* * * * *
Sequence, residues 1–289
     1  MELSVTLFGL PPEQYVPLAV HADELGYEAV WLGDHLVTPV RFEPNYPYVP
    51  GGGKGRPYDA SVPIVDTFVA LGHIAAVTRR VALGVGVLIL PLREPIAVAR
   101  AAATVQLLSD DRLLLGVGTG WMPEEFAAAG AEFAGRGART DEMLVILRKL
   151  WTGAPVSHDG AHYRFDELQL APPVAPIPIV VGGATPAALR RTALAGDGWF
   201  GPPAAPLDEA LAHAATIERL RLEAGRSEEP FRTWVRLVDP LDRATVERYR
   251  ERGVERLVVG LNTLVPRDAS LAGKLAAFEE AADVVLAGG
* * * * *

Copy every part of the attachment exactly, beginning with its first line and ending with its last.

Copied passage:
Sequence, residues 1–289
     1  MELSVTLFGL PPEQYVPLAV HADELGYEAV WLGDHLVTPV RFEPNYPYVP
    51  GGGKGRPYDA SVPIVDTFVA LGHIAAVTRR VALGVGVLIL PLREPIAVAR
   101  AAATVQLLSD DRLLLGVGTG WMPEEFAAAG AEFAGRGART DEMLVILRKL
   151  WTGAPVSHDG AHYRFDELQL APPVAPIPIV VGGATPAALR RTALAGDGWF
   201  GPPAAPLDEA LAHAATIERL RLEAGRSEEP FRTWVRLVDP LDRATVERYR
   251  ERGVERLVVG LNTLVPRDAS LAGKLAAFEE AADVVLAGG